Timber-frame construction could help the housing crisis during Covid-19 pandemic
We need to abandon the notion that building with wood is reserved for tool sheds or log cabins,” says Roy Southey, executive director of Sawmilling South Africa (SSA), the industry association representing South African sawmillers. SSA, along with the Institute for Timber Construction South Africa (ITC-SA), has offered the South African Government the sector’s combined resources and expertise as part of its response to the Covid-19 pandemic with the provision of timber-frame housing for use as accommodation, clinics, isolation units and much more.
One of the many pressures that the pandemic has placed on South Africa is the need to thin out densely populated informal settlements to slow the spread of the virus. “This will mean providing alternative housing and infrastructure while at the same time addressing the need for decent shelter for people who must remain in isolation or quarantine,” explains Southey.
SSA and the ITC-SA have approached Government with a proposal that timber be regarded as one of the construction materials of choice, and as a longer term solution that will transcend the current crisis and immediate needs.
“Timber as a mainstream construction material is used and favoured globally however perceptions need to be changed in South Africa,” says Southey. Around 70% of people in the developed world live in timber-frame structures, yet South Africans have been conditioned to believe that building with brick and mortar is the only way.
There are a number of compelling reasons in support of timber.
Wood is versatile and lightweight making it ideal for rapid prefabrication of low-income housing as well as larger homes and multi-storey buildings. Correctly treated, wood is in fact highly durable and performs better than many other materials in the event of fire.
Apart from complying with most municipal regulations, timber also offers exceptional thermal insulation and can be extremely cost-effective.
Wood technologies are also harnessing the natural strength of timber and improving it, producing a new range of ‘engineered timber’ that can be used for modern construction, including high-rise buildings.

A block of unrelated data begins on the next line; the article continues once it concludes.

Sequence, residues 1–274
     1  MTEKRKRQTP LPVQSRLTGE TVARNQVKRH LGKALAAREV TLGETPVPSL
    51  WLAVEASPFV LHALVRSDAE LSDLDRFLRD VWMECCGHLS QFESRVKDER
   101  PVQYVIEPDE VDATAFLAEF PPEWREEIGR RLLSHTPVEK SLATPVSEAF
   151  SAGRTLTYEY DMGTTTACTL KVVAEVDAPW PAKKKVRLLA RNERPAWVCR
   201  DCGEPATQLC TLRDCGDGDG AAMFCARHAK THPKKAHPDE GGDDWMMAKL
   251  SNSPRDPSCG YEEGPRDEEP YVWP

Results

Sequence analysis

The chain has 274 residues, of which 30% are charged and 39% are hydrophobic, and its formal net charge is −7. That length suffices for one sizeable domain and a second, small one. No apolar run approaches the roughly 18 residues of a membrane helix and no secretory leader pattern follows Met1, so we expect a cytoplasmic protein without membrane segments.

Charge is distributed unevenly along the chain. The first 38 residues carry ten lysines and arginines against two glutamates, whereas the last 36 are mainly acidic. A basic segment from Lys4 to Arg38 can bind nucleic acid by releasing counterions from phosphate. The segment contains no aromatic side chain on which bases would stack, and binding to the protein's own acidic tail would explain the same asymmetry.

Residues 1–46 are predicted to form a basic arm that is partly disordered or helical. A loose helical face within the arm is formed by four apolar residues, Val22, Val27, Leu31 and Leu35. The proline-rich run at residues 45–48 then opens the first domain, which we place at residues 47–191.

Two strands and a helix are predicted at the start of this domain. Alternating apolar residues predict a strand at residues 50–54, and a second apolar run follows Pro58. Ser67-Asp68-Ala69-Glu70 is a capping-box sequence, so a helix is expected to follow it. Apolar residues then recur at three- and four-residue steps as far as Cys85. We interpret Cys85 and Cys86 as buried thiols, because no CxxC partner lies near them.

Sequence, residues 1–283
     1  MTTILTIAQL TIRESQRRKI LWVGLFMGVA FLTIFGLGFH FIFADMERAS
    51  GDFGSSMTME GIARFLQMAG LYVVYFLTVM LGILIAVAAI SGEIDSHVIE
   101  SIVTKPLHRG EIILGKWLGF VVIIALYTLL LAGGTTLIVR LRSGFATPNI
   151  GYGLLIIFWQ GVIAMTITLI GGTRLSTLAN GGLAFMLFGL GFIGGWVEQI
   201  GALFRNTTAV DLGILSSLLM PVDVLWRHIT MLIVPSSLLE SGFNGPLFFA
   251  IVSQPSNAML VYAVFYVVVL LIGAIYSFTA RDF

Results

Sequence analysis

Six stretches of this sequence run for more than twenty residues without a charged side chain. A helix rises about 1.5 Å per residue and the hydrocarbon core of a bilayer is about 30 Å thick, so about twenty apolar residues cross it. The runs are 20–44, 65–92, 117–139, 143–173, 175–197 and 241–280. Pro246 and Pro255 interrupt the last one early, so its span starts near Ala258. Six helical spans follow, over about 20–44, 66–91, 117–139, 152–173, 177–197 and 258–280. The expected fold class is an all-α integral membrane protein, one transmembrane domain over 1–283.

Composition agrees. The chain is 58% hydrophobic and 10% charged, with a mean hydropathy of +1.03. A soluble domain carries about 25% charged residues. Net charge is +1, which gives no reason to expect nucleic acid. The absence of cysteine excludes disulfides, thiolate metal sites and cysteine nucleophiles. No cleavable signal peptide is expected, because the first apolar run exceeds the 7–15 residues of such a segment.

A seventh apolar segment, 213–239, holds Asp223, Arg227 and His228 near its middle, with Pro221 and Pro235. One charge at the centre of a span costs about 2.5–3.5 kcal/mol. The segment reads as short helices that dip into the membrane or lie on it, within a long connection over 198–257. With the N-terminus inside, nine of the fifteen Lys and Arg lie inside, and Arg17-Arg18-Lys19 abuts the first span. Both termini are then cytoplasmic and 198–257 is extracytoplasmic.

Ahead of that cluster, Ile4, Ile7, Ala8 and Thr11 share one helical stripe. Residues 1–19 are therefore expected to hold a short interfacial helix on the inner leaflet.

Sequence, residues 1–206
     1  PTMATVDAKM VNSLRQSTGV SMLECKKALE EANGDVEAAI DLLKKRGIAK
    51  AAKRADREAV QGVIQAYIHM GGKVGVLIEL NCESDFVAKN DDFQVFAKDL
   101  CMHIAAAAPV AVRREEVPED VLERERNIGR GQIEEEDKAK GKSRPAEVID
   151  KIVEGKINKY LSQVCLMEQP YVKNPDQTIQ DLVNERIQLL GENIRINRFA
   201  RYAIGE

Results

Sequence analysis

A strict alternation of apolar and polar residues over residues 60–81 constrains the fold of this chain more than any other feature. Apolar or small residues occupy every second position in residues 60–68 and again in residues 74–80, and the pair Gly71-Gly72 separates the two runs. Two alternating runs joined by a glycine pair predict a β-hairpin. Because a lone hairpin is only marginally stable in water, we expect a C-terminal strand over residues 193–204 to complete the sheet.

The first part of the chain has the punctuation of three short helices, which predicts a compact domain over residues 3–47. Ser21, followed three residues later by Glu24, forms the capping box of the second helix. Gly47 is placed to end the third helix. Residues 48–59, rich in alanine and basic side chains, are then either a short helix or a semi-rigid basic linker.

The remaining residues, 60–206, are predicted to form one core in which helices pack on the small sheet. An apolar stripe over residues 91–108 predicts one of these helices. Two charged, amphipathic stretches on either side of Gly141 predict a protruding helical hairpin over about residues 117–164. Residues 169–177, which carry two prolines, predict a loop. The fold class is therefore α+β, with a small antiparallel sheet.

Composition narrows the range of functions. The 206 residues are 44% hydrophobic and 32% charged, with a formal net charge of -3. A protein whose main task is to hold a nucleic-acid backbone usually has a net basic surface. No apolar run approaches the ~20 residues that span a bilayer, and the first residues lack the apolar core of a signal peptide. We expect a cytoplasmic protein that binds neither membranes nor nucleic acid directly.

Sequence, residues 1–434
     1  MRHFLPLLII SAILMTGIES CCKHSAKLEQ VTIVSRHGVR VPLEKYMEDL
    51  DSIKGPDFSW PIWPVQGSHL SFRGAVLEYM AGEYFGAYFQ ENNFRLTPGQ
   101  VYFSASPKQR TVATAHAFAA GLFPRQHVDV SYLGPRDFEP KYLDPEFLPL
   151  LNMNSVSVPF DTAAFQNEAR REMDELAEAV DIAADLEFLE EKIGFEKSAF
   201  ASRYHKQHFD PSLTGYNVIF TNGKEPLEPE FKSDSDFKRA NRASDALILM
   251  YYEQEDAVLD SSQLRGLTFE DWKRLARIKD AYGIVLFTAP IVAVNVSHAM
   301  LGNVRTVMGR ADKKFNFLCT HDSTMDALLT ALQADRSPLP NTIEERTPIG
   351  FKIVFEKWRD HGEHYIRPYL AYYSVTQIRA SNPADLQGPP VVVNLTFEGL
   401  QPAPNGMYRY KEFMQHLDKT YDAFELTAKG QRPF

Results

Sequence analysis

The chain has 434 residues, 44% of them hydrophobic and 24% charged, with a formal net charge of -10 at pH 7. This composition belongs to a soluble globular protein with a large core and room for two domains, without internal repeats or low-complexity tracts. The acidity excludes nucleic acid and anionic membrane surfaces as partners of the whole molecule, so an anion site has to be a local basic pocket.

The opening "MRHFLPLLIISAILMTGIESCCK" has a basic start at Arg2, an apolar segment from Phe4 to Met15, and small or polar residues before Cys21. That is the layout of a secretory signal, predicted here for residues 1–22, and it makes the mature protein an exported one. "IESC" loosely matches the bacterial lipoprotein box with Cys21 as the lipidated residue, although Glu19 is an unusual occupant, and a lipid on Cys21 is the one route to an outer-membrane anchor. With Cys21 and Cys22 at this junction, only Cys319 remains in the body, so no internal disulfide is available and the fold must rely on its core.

In South Africa, wood for structural timber comes from sustainably grown pine or Eucalyptus trees from responsibly managed commercial timber plantations.
Southey says that it is a myth that timber production causes deforestation. “Deforestation is the removal of trees or clearing of forests for commercial development, firewood or agriculture without replanting.
“Sustainable forestry sees to it that trees are planted, grown and harvested in line with international certification standards and local legislation.”
According to Forestry South Africa, only 6% of the country’s total plantation area – 1.2 million hectares – is harvested annually. Felled trees are replaced in the same year by saplings, often at a ratio of 2:1. This means there is a constant supply of trees for productive purposes for years to come – all of them are sequestering (absorbing and storing) carbon as they grow.
South Africa is not a tree-rich country like Sweden or Canada. There are only half a million hectares of indigenous forests scattered throughout the country – this is roughly 0.4% of its total land area.
“If it wasn’t for the commercial planting of trees in the early 1900s, the country’s indigenous forests would have been eliminated many years ago for our fuel, furniture and fibre needs.”
South African forestry landscapes are far more complex and diverse than simply rows of planted trees. Only 70% of forestry-owned land is planted to trees with a significant proportion of the unplanted area reserved for biodiversity conservation, natural corridors, grasslands, riverine habitats, indigenous forests and wetlands.
When wood is sourced from a certified plantation, there will also be a chain-of-custody (from the forest to the point-of-sale) which provides assurance that the product is sustainably sourced.
The local sawmilling industry alone supports more than 30 000 people, mainly in rural areas while the greater forestry value chain contributes R69 billion to the domestic economy annually. “With the current output of commercially grown pine and eucalyptus sawn timber exceeding 2.1 million cubic metres, wood is an accessible commodity,” notes Southey.
In addition, timber-frame homes can be mass produced in panel form in a factory and speedily erected by an existing construction workforce that can be easily upskilled to assemble pre-manufactured, factory-checked units that not only address the current crisis, but deliver permanent homes.
Trees are nature’s best carbon captors. South Africa’s plantations remove a significant amount of carbon dioxide from our atmosphere during their rotations of seven to 25 years – and provide oxygen in return.
This carbon remains stored in the wood – whether it’s made into paper, packaging, a roof truss or engineered into cross-laminated timber for high-rise buildings.
With its excellent thermal insulation value, wood can act as a humidity regulator, absorbing moisture in wet conditions and releasing it when the air is dry.
In terms of the psychological hypothesis of ‘biophilia’, wood and natural materials deliver a certain degree of wellbeing, happiness and comfort that other materials can’t match. “Think about how good you feel in a wooded area, green space or a timber building,” Southey says.
All factors considered, wood brings something special but it can have a greater purpose – to ease the housing burden with durable built environments while reducing carbon emissions and supporting local manufacturing.
“Timber is a renewable, valuable and a long-term sustainable source of material ideally suited for use in high volume construction projects,” Southey says. “It’s time we start recognising its potential.”